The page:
Be a person of compassion, give grace to others when grace is not deserved. I can still remember wrecking the family car as a teenager and my father’s only question being if I was okay. Not if the car was okay, but if I was fine. I was not expecting that response and is how you instill these qualities in your children.

  • There are more and more children being raised in single parent homes and that doesn’t mean the children are any less loved or cared for. Here are some tips for raising children in a single parent home that help everyone.

    1. Express your love- Make sure you are telling your children that you love them every day. Praise them for the good things they do.  Figure out what their love language is and use it.

    2. Create a routine- Structure is key to running any house hold and even more so when there
    is only one parent.

    3. Develop a great support system-This can be Church, friends, family, day care, etc… Anyone
    that can be there for you and you can lean on.

    4. Take care of your self-If you are not healthy and happy it will be hard to take care of your children the way you want to. Do not feel guilty and stay positive. Children will be able to tell if you are struggling and that could put extra pressure on them.

    5. Boundaries and Expectations- Keep things clear, simply and consistent. Kids should know
    exactly what you expect of them. No surprises. This allows everyone to be on the same page.

    6. It’s okay to seek help- You can ask for help and it’s ok to talk to your children about if they want to talk about the situation.


  • There are a number of ways to discipline without spanking. Following are a few ways I have
    found to be effective.

    – Removing a child up to 2 years old from the undesirable object/unsafe area and saying(not screaming) “no/stop.” Stay with the child to observe their reaction. Repeat as many times as needed to get child to change behavior.

    – Redirecting young children to positive/safe activities can be very effective form of discipline.

    – Time-out can be effective for children over the age of 2.

    – Positive reinforcement and praising a child for good behavior.

    Remember to:

    – Say what you mean, and mean what you say.

    – Let your yes be yes and your no be no.

    – When the discipline is over, move on.

    Consistency and perseverance are key to effective disciplining.

  • My first thought was to answer this question the way that I wanted someone to answer the question when my wife and I were asking the very same question – age 21.

    However, in today’s world that would simply not work, but would say that our decision not to give our children a cell phone until they were entering high school was a great decision.

    Did we hear that they were the only ones without a cell phone – absolutely yes? However, years later my adult children will tell you that it was one of the best decision that we could have made. They will tell us that they weren’t ready for all of the issues that came with having a phone. Sexting, cyber bullying, etc.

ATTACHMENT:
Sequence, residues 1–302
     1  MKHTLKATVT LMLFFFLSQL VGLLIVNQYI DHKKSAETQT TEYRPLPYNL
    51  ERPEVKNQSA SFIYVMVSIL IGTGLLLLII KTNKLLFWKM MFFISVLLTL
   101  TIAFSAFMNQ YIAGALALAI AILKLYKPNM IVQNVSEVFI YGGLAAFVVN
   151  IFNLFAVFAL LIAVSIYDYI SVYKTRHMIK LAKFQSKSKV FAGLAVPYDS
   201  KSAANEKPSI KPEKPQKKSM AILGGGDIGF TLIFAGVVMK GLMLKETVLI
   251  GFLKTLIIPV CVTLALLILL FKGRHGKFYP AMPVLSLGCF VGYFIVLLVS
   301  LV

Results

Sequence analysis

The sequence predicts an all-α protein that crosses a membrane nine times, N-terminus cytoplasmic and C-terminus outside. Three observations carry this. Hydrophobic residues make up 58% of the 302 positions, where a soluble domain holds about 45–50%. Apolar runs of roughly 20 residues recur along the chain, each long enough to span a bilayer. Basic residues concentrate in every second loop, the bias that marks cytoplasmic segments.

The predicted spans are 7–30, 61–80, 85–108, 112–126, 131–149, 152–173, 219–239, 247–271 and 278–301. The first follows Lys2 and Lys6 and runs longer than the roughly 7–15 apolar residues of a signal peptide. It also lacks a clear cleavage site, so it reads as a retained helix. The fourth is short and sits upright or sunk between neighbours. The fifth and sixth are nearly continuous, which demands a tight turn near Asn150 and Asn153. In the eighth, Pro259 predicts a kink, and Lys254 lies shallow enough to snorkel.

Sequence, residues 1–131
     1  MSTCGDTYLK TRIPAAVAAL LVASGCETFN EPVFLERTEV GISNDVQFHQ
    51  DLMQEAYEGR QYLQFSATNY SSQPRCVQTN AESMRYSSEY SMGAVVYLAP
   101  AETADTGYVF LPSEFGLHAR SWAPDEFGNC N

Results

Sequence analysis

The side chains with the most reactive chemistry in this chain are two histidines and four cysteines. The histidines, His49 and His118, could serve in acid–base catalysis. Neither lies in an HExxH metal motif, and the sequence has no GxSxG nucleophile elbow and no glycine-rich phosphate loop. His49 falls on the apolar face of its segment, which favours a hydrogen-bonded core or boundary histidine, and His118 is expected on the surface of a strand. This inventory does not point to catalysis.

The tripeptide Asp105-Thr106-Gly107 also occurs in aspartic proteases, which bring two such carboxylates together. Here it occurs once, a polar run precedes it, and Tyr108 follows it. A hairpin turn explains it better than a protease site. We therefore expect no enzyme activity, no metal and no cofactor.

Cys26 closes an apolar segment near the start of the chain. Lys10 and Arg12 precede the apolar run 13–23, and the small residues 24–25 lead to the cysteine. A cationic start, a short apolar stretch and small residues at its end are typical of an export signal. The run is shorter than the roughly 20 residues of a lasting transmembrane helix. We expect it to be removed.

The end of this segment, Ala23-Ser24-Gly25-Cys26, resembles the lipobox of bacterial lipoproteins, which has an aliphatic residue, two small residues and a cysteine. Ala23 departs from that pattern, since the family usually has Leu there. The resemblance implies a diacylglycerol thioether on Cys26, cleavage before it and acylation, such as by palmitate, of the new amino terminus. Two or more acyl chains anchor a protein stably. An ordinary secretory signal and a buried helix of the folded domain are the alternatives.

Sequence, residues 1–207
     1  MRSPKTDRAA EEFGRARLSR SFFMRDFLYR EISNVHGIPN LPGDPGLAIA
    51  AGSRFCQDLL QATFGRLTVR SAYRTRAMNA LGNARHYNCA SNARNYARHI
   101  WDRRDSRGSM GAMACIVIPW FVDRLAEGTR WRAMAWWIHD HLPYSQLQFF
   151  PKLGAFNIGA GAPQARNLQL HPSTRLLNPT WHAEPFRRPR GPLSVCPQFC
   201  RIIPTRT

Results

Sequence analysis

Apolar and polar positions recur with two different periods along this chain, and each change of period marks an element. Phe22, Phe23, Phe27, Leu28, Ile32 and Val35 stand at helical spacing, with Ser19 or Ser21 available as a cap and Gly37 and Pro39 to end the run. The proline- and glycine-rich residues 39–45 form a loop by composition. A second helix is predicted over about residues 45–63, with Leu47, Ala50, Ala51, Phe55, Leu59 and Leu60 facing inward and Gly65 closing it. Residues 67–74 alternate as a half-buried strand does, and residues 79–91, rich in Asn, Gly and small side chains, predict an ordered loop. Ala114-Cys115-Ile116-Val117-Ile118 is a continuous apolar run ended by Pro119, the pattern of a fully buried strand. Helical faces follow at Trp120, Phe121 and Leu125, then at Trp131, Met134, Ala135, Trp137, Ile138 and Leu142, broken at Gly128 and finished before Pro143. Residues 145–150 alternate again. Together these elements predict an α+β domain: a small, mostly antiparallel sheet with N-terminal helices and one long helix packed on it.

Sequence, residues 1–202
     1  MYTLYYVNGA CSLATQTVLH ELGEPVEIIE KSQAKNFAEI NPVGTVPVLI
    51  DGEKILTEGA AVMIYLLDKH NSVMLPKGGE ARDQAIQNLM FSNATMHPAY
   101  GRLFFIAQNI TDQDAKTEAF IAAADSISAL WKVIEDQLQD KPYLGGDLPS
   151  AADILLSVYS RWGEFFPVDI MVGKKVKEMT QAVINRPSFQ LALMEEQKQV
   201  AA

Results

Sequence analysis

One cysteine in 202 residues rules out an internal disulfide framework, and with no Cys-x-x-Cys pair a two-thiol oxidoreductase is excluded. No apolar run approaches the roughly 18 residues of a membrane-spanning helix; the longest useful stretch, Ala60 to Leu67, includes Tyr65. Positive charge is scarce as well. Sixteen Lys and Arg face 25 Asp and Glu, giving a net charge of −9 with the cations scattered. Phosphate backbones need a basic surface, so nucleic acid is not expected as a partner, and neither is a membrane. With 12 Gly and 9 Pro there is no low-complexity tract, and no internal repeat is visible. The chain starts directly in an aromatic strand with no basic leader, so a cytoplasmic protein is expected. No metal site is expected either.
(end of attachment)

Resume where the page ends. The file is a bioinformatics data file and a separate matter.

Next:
These issues are more prevalent in the middle school years and at a time where they are emotionally not prepared to deal with these issues in a way that are appropriate.

    Lastly, if you want to know where they are let them use their friends cell phone to call you or to check up with you because as you know “everyone” has one.

  • Absolutely!!!!!!!  Let me say it one more time absolutely!!!!!!!!!!

    I have a friend who is in law enforcement who has on more than one occasion mentioned that everything that you write on your computer or cell phone is never gone and can be retrieved by a professional in just minutes.

    We have a responsibility as parents to help our children use the power of their phones in just the same way that we instruct them as they drive for the first time. Are they going to make mistakes – yes, but haven’t we all.

    I am learning that it is important to be careful of what I write and that it is difficult to understand my tone, or passion simply reading what I write. If it is difficult for me how much more difficult will it be for a 16 year old boy who was just dumped by his first love.

  • Imagine this scenario, playing out in homes everywhere – you are in the middle of disciplining your child, well on your way to handing out an appropriate punishment for your child’s behavior, and your spouse says, “It’s not that big of deal, let’s just let it go this time”. Now you’re not only frustrated by your child’s behavior but you’re mad that your spouse didn’t back you up! This scenario is very common and can cause fighting between married couples and divorced parents, alike. Parenting doesn’t come with a manual but if it did, this would certainly be a top question.

    So what to do if you aren’t on the same page with your spouse? First, never undermine your spouse in front of your children. This only makes your spouse mad and shows your children that they can eventually get what they want, if they go to the “right” parent. If you disagree about a consequence or parenting technique, address it without your children around. This will ensure that you are presenting a united front to your children and eliminate mixed messages that your children might get from inconsistent parenting. Second, communicate with your spouse about your expectations, rules, and consequences for your children. Having this conversation will help you to make sure that you are on the same page with your spouse about your ideas for parenting. This will also avoid disagreements when dealing with your children’s behaviors. Finally, focus on what you DO agree on. Oftentimes, your parenting goals are more similar than you think. You both want what’s best for your children but might have different views on the details. Focusing on the similarities of your parenting ideas, rather than the differences, will help you to identify the strengths of each style and how both of you can incorporate your parenting ideas into discipline.